What Is Empire Avenue? I’m going to let Jeremiah answer that one since he did such a brilliant job already:

“Empire Avenue is a social game. Each user is valued at a set share price around $9 “Eaves” (their currency) and the value will increase as others purchase their shares, or as the user does social behaviors on other sites, and also participates in Empire Avenue such as actions, unlocking features, or dividends from virtual goods or ownership in other members. As users gain more net worth, they’re able to purchase virtual goods, on a quest to be the richest player in the game. The net result? This is a highly addictive experience that is similar to stock market gaming of your own social network.”

Or if you want to understand the behaviors of a user on Empire Avenue, tech blogger Chris Pirillo demonstrates his enthusiasm in this video.


I should note there are two camps on what’s the point of Empire Avenue. One camp feels it is a site that evokes game theory and creates an interesting social dynamic for those who want to play the game. The other camp is more interested in Empire Avenue being viewed as a competitor to online influence ranking sites like Klout. This is the more controversial camp,, since whenever the word influence is evoked in social media circles everyone goes bonkers about what defines influence. For that perspective, checkout Stowe Boyd’s blog post and comments.

So what are the three automotive brands Ford, Audi and Toyota doing on Empire Avenue? Let’s take a look.

All three have their logos represented and have completed their page bios. Toyota’s bio is brief, “We are Toyota Motor Sales, USA, Inc.” While Audi brings some of its campaign language and promotion of other social website efforts into its bio, “Audi of America. Truth in Engineering. And now trading on Empire Avenue. Do you know #bolddesign? We're looking for Bold in your city. Help us build out Bold Design in America. http://apps.facebook.com/audi-bold-design/?x=tweet. The all-new Audi 2012 A7.”

Ford is the clear leader in the reciprocity behavior. As of this morning Audi has invested in 12 others on the site where Ford has invested in 118 accounts on Empire Avenue. Toyota who recently joined Empire Avenue six days ago has yet to invest in anyone. Why do I point this statistic out? It demonstrates a level of engagement. Brands, like individuals on the site, have a few touch points including shout outs on a person’s wall, discussion within communities, and purchasing shares in others. Buying shares back creates a conversation on Empire Avenue more so than say following someone back on Twitter; though, the concept is fairly similar. Here a purchase back is an opportunity to thank that person for investing in your brand and demonstrates goodwill.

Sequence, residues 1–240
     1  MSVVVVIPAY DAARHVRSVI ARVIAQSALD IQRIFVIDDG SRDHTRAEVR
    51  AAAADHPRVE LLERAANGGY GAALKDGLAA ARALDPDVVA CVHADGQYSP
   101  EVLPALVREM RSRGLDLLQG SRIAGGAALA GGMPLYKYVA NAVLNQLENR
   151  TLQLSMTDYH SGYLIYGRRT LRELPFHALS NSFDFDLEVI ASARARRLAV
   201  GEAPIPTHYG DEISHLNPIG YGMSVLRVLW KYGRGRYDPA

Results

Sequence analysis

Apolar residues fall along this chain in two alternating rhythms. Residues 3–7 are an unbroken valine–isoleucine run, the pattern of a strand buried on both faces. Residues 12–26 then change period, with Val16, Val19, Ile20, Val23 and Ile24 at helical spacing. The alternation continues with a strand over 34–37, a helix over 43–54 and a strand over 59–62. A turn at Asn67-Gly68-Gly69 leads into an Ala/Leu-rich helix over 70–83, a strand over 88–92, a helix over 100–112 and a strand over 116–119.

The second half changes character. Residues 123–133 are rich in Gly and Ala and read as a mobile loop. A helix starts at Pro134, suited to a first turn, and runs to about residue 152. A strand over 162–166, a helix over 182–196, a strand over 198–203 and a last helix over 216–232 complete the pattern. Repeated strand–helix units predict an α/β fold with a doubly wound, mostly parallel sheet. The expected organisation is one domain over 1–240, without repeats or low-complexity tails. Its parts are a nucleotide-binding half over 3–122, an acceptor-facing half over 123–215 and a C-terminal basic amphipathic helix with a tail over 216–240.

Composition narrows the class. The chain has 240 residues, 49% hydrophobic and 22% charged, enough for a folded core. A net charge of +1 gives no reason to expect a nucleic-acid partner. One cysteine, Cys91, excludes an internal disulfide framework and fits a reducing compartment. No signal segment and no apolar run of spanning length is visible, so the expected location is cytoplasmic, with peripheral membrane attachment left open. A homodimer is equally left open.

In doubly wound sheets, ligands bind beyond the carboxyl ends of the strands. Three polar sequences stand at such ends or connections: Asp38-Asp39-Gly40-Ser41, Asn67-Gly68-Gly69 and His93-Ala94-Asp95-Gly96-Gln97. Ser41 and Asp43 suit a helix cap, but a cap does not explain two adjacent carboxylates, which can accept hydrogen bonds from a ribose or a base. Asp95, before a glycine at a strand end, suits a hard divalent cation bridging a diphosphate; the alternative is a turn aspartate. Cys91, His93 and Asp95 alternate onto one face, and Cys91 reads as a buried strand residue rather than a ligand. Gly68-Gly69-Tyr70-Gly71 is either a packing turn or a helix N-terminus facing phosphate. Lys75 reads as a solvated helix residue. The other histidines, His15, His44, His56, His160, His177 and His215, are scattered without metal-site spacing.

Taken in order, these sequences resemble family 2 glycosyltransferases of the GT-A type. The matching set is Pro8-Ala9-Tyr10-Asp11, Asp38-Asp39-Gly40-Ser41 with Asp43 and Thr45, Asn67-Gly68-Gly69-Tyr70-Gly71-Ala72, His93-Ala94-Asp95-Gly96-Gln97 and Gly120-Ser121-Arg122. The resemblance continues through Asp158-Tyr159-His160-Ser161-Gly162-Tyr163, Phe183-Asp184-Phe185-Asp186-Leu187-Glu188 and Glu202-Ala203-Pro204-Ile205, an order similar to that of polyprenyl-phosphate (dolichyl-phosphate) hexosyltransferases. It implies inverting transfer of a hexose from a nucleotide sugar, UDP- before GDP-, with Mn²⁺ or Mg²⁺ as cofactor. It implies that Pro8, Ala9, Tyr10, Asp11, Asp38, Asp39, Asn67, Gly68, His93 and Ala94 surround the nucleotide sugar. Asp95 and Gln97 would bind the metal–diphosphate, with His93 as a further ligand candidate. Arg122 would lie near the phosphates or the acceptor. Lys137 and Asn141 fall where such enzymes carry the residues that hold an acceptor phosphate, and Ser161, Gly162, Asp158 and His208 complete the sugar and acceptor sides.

The purchase of shares is a big deal on Empire Avenue, like stocks in real-life, investments increase share price and also demonstrates a confidence in a good investment. Brands that reciprocate back by investing in others create opportunities to engage. Consider the image at left showing Ford buying shares in others with another shareholder commending the purchase. Without buy backs, the opportunity for further conversation is limited. Sometimes these opportunities move beyond Empire Avenue conversation and into brand conversation about a person’s experience with the brand.

Recently Ford, the most active of the three automotive brands on Empire Avenue, created a private community for Ford Motor Company. It’s a new effort with only 11 members so far and we’ll see how it evolves.

A lot of things are evolving at Empire Avenue as more brands are joining everyday including Dell, Match.com, PR Newswire, and yes even Penthouse. It will be interesting to see if other automotive brands join, since Toyota joining last week no other automotive brands have followed Audi and then Ford’s move to join the site.

What are your thoughts about Empire Avenue? Do you think it’s worth the time of automotive brands (or any brand) to get involved with this rapidly growing online community/game/influence metric?

Also for some other perspectives checkout the following blog posts:

Ford's own Scott Monty talks about "The Gamification of Social Media"

PR Newswire's Victoria Harres writes "Empire Avenue Feels So Much Like 2008...And That's a Good Thing."